This dissertation reports on research that examined the assumption behind polymerase stop assays and their use in quantifying DNA damage, that single lesions are sufficient to block thermostable DNA polymerase progression.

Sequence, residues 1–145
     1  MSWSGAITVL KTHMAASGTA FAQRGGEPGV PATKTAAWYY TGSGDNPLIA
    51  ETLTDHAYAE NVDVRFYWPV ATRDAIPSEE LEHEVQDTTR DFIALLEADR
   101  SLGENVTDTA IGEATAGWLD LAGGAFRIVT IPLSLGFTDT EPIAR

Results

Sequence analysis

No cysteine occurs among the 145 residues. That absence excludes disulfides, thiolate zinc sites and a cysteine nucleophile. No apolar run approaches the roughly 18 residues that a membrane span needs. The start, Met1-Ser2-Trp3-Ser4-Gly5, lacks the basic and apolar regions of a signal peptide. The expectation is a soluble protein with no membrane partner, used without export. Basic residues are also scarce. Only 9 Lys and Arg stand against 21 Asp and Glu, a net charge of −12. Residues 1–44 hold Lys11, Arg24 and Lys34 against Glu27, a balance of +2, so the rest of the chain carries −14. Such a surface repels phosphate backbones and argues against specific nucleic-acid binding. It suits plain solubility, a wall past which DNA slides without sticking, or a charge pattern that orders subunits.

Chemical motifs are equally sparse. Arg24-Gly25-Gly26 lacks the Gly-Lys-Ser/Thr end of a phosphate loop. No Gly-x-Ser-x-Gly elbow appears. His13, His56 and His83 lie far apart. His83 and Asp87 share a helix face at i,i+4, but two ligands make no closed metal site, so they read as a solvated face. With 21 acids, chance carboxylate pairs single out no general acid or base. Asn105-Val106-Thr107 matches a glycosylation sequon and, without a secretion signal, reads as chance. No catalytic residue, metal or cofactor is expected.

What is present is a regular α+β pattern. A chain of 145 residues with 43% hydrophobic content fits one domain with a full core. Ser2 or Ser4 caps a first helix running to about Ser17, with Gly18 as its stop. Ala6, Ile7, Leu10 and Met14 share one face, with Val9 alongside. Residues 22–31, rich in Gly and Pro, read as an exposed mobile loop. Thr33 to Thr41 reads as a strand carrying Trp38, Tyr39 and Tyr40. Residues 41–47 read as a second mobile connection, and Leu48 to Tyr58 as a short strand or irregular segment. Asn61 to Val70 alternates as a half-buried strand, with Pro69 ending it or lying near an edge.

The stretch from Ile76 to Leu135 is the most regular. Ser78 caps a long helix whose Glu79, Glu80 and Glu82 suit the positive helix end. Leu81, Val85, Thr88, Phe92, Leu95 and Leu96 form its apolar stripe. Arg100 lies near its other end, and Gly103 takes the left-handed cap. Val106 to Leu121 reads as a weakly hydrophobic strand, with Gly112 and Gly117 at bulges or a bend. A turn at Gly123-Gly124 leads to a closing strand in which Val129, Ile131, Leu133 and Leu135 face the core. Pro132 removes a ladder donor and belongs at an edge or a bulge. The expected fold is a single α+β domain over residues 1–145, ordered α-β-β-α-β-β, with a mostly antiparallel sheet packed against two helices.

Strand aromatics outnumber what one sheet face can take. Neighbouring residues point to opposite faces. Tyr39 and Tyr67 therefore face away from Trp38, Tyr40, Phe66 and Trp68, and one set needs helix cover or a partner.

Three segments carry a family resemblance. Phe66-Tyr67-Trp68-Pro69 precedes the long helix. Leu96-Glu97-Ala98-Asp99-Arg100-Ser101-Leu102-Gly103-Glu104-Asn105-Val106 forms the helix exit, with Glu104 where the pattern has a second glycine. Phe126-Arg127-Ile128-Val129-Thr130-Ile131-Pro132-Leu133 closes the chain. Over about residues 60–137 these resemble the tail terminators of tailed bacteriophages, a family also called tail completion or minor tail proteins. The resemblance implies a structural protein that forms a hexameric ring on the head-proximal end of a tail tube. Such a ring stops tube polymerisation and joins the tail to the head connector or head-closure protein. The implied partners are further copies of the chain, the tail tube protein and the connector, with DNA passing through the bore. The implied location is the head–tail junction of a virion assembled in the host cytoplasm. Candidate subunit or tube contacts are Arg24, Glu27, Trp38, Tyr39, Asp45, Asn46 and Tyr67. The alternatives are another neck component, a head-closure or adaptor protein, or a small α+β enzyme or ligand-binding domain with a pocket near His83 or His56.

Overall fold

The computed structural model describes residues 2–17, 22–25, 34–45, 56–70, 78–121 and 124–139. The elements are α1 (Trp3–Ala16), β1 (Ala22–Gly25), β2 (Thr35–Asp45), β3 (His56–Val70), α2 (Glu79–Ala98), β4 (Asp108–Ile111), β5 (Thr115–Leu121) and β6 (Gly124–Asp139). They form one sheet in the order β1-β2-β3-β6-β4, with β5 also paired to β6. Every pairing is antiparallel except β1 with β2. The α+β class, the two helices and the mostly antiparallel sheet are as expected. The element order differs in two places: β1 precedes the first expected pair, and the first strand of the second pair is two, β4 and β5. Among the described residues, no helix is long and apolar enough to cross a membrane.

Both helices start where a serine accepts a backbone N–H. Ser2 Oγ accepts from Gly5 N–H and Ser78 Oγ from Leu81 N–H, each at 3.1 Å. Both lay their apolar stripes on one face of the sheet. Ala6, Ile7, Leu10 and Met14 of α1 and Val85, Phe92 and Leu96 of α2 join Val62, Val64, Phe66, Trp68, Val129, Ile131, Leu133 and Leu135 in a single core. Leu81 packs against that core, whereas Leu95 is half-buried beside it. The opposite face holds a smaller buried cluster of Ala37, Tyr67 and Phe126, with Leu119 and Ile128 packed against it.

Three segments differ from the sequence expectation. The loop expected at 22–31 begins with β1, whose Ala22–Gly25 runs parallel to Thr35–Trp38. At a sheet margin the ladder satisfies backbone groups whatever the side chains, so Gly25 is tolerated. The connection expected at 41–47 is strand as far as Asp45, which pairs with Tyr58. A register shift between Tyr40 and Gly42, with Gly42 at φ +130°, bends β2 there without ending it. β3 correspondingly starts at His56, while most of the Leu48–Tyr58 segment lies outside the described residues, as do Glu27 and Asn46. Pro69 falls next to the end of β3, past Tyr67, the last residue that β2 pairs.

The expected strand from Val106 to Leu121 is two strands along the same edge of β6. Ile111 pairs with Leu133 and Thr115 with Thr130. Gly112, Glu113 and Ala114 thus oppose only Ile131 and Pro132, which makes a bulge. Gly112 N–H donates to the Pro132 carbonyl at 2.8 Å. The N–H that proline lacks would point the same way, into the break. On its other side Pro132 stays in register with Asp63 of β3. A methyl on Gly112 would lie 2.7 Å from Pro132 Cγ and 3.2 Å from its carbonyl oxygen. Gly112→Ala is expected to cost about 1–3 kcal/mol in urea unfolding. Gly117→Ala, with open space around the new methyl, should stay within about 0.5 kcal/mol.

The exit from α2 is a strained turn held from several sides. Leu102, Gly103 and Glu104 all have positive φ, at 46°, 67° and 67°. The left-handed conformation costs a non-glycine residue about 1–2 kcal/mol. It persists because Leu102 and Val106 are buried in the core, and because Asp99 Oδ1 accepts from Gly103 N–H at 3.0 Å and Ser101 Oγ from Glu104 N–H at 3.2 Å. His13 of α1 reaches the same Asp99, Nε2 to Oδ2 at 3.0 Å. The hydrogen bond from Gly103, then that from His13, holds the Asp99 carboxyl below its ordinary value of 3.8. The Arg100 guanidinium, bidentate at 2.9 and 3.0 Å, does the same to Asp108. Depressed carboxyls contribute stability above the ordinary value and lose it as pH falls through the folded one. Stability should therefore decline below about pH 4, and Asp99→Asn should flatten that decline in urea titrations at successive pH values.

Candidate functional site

This author of this dissertation describes research that used 90 base oligonucleotides containing normal or modified DNA bases which were amplified using real-time polymerase chain reactions (PCR), in order to test the assumption that single lesions are sufficient to block thermostable DNA polymerase progression. The author reports that data implied that PCR efficiency was influenced to differing degrees depending on which base lesion was present on the input oligonucleotide. The author also reports that the presence of two tandem 8-oxodGs substantially hindered amplification when compared with two 8-oxodGs separated by 13 bases which indicated that the position of lesions also influenced the PCR. The author used novel mathematical formulae, developed to report differences in exponential amplification as rates of damage bypass, to quantify variations in amplification. To determine the validity of those novel formulae, the author used DNA samples quantified previously using current polymerase stop methods. Results from the author’s research enabled the adaptation of real-time PCR for DNA damage quantification, identified DNA base legions as potential PCR mutagens, and has provided the basis for further refinement of polymerase stop assays as research and clinical tools to monitor DNA damage and repair.